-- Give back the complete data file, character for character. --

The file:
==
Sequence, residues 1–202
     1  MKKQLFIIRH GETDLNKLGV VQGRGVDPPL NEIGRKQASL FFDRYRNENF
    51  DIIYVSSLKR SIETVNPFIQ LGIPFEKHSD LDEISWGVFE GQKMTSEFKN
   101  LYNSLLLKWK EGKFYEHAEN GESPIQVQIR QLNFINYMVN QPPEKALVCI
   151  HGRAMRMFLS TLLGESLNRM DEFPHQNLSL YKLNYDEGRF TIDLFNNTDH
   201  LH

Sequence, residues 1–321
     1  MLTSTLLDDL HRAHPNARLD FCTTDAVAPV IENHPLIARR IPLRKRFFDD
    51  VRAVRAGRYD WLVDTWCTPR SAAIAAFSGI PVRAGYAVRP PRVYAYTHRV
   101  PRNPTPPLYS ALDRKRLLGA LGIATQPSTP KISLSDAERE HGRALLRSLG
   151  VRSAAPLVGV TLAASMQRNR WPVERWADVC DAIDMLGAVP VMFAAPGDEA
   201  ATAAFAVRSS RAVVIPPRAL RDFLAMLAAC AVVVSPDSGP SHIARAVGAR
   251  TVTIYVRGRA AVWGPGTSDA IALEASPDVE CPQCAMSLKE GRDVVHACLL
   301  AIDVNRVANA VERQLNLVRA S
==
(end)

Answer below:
Sequence, residues 1–202
     1  MKKQLFIIRH GETDLNKLGV VQGRGVDPPL NEIGRKQASL FFDRYRNENF
    51  DIIYVSSLKR SIETVNPFIQ LGIPFEKHSD LDEISWGVFE GQKMTSEFKN
   101  LYNSLLLKWK EGKFYEHAEN GESPIQVQIR QLNFINYMVN QPPEKALVCI
   151  HGRAMRMFLS TLLGESLNRM DEFPHQNLSL YKLNYDEGRF TIDLFNNTDH
   201  LH

Sequence, residues 1–321
     1  MLTSTLLDDL HRAHPNARLD FCTTDAVAPV IENHPLIARR IPLRKRFFDD
    51  VRAVRAGRYD WLVDTWCTPR SAAIAAFSGI PVRAGYAVRP PRVYAYTHRV
   101  PRNPTPPLYS ALDRKRLLGA LGIATQPSTP KISLSDAERE HGRALLRSLG
   151  VRSAAPLVGV TLAASMQRNR WPVERWADVC DAIDMLGAVP VMFAAPGDEA
   201  ATAAFAVRSS RAVVIPPRAL RDFLAMLAAC AVVVSPDSGP SHIARAVGAR
   251  TVTIYVRGRA AVWGPGTSDA IALEASPDVE CPQCAMSLKE GRDVVHACLL
   301  AIDVNRVANA VERQLNLVRA S